Business Ethics: There Is A Need

Papoutsy Endowed Chair in Business Ethics
Inaugural Dinner and Reception
April 17th, 2002
Remarks by Christos Papoutsy

Left to right: Mrs. Mary Papoutsy; Mr. Christos Papoutsy; Mr. Ioannis Magriotis, Deputy Minister of Foreign Affairs of the Hellenic Republic
Good Evening and Welcome to Southern New Hampshire Universitv.

Thank you for joining us this evening to commemorate the inauguration of the first Endowed Chair at Southern New Hampshire University.

Thank you President and Mrs. Gustafson and the School of Hospitality, Tourism and Culinary Management for your warm and gracious hospitality.

Many have asked Mary and I two questions. Why did we establish "The Chair in Business Ethics?" And why did we choose to call upon the lessons taught by current and Classical Ethicists as the Core Value system for the new Ethics Chair?

The answer to the first question is clear. There is a Need!!

Unethical behavior in businesses such as Enron, Arthur Anderson and many more is not new. It has been with us from the beginning of time.

As the Globalization of World Business expands, unethical business conflicts will arise and increase from all parts of the world because of the many diverse business value systems being used. The need for a better understanding of Global Business ethics will slowly emerge.

Transparency International's recent Annual Global Corruption Perception Index ranked Denmark, Finland, New Zealand, Sweden and Canada as the five most ethical countries out of over 100 reporting. The United States was ranked 18th with the United Kingdom, Germany, France, Japan and others ranked even lower.

On yet another Transparency International report dealing with bribery, the United States was ranked 9th out of 20 reporting, with Sweden, Australia, Canada, United Kingdom ranked more favorably.

Another very important annual report, developed and issued by PriceWaterhouse-Cooper, measures corruption in Business and Government and what it costs the average citizen. It reports that ihe U.S. is ranked number (1) Best out of 35 reporting, with over 20 countries being poorly ranked and rated.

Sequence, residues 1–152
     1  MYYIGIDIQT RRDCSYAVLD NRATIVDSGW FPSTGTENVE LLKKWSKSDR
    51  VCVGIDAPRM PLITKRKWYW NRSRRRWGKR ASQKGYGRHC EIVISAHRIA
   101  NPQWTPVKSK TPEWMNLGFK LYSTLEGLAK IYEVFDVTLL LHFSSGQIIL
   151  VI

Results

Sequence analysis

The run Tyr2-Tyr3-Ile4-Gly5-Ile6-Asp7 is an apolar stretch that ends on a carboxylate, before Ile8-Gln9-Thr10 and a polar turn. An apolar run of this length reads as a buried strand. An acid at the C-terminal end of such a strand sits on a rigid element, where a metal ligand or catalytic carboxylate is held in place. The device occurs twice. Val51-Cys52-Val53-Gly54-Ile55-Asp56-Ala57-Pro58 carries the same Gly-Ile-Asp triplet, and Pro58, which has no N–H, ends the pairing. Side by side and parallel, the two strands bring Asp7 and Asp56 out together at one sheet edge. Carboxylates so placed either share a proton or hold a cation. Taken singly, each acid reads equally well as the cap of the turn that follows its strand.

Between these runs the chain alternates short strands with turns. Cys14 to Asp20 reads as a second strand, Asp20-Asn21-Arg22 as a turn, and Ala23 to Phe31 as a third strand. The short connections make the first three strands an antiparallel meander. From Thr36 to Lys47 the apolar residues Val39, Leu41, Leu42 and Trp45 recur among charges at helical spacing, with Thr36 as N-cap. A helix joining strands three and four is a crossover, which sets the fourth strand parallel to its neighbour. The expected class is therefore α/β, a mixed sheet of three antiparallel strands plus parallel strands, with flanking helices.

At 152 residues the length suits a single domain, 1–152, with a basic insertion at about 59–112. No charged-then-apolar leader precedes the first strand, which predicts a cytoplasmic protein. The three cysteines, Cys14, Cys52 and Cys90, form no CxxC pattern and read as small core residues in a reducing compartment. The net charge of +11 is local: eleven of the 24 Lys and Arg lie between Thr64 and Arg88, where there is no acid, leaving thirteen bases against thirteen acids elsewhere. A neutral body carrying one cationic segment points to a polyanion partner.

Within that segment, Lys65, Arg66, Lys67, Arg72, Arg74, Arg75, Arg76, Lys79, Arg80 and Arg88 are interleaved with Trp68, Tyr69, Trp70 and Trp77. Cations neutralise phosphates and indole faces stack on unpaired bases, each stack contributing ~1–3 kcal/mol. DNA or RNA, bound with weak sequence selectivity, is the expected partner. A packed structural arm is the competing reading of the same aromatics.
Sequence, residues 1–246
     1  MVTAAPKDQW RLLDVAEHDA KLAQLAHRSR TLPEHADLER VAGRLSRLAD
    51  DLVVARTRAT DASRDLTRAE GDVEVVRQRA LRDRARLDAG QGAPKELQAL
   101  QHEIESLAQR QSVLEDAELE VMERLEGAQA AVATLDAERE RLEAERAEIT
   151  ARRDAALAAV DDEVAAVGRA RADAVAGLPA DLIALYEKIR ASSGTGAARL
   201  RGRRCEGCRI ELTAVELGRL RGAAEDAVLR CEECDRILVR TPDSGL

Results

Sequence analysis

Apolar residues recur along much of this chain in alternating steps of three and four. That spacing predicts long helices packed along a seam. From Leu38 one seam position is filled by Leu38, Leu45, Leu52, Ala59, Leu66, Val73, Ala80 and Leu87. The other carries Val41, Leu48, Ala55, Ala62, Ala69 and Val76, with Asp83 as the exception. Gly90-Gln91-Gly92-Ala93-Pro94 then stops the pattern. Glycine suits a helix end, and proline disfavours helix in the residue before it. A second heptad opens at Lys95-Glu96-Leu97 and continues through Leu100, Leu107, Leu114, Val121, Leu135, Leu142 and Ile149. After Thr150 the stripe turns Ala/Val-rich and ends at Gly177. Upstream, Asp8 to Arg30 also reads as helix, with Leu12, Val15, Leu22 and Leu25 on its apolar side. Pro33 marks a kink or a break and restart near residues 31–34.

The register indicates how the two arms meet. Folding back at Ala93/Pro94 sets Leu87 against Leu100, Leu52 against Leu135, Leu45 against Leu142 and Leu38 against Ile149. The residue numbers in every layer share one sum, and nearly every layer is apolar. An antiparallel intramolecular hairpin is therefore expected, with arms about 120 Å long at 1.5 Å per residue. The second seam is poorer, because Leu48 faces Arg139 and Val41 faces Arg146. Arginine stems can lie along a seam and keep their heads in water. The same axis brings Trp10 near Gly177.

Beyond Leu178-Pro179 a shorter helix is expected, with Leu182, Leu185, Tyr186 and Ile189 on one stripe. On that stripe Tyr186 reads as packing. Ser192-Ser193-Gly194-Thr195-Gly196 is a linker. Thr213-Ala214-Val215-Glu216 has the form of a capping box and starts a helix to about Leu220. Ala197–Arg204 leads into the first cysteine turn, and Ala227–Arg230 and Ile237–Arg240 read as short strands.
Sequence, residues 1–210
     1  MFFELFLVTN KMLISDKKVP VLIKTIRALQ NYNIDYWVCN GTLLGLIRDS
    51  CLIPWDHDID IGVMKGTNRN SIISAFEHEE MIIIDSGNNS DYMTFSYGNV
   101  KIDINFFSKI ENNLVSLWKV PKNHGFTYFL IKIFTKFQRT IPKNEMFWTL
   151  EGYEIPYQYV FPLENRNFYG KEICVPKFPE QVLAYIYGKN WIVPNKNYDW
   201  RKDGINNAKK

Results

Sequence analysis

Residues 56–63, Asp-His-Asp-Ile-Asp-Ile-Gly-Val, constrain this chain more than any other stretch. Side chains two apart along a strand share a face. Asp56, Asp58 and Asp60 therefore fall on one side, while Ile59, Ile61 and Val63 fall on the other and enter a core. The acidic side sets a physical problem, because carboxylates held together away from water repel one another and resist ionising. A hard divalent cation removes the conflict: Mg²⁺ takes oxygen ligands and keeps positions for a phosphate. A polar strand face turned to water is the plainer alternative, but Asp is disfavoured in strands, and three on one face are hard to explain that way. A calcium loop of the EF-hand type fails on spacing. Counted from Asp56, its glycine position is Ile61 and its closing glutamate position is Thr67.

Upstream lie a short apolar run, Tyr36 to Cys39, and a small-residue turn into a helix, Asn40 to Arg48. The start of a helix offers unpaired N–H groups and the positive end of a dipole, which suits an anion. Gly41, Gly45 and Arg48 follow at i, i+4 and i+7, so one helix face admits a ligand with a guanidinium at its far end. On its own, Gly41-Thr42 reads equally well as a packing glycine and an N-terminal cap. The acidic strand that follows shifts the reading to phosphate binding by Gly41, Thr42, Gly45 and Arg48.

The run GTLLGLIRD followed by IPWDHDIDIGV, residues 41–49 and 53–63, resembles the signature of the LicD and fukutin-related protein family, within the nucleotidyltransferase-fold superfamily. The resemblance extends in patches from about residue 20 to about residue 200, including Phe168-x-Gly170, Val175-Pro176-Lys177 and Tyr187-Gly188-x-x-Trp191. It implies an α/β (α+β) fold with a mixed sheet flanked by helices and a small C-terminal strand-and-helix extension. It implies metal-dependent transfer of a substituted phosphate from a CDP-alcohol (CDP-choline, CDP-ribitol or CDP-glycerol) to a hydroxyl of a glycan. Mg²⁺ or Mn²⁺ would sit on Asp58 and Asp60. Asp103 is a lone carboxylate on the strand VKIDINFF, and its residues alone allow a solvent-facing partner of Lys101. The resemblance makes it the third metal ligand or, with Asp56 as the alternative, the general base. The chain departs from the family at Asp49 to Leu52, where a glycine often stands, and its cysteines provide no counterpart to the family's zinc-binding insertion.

Most countries are now aware of the negative drag that corruption and unethical behavior has on their economies and on their citizens.

For countries, businesses and citizens to compete and succeed in the Free Global Economy, corruption and unethical behavior will have to be significantly reduced.

This is the answer to the first question. Why did we establish the Chair in Business Ethics? There is an urgent Global Need!!

Now the second question: why the Classics? Why call upon the works of the Ancient Greeks as a basis for an Ethical Business Value System?

In establishing a value system for the Business Chair, the questions arose: whose values? whose standards? whose ethics?

Who is right? Which system of values is more appropriate in defining the core value and the mission of the New Business Ethics Chair?

The direction that we embarked upon, "to teach and incorporate business ethics into all aspects of the University and the Business community," entailed studying, understanding and applying the lessons taught by current and classical ethicists to 2Ist Century settings, calling upon the Ancient Greeks whose teachings have shaped the history of Western civilization from Antiquity until the present time. The motivation and inspiration came from Dr. Kenneth Goodpaster's success in utilizing a similar approach at Harvard and for the Koch Endowed Chair in Business Ethics, at St. Thomas University, and the leadership role he has taken with the Caux Roundtable, a world respected ethics foundation.

Mary, my wife (a dedicated Classicist), together with Dr. Eleanor Dunfey-Freiburger, called upon number of noted classicists and businessmen and women such as Dr. John Rouman, Dr. Richard Clairmont, Selma Naccah-Hoff, Dr. John Hussey, Richard Kimball, David Mylar, Ted Krantz, President Gustafson and many others developing a methodology on how to integrate the classics into the Business Ethics program.

The vision for the Business Ethics Chair is a very old and accepted one. It is "An Aristotelian Ethics Vision".

The basis for an Aristotelian ethics vision is: Global Eudaimonia.

The term Eudaimonia, coined by Aristotle, is the material and the spiritual well being of a society, the ultimate goal, the Teleos.

An Aristotelian ethical system teaches that what is morally good should be chosen because it leads to happiness.

The establishment of "The Business Ethics Chair" is one small step in assisting all of S.N.U.'s students, and the Global business community to obtain "Global Eudaimonia".

Thank You.

God Bless S.N.U.

God Bless America

And God Bless You All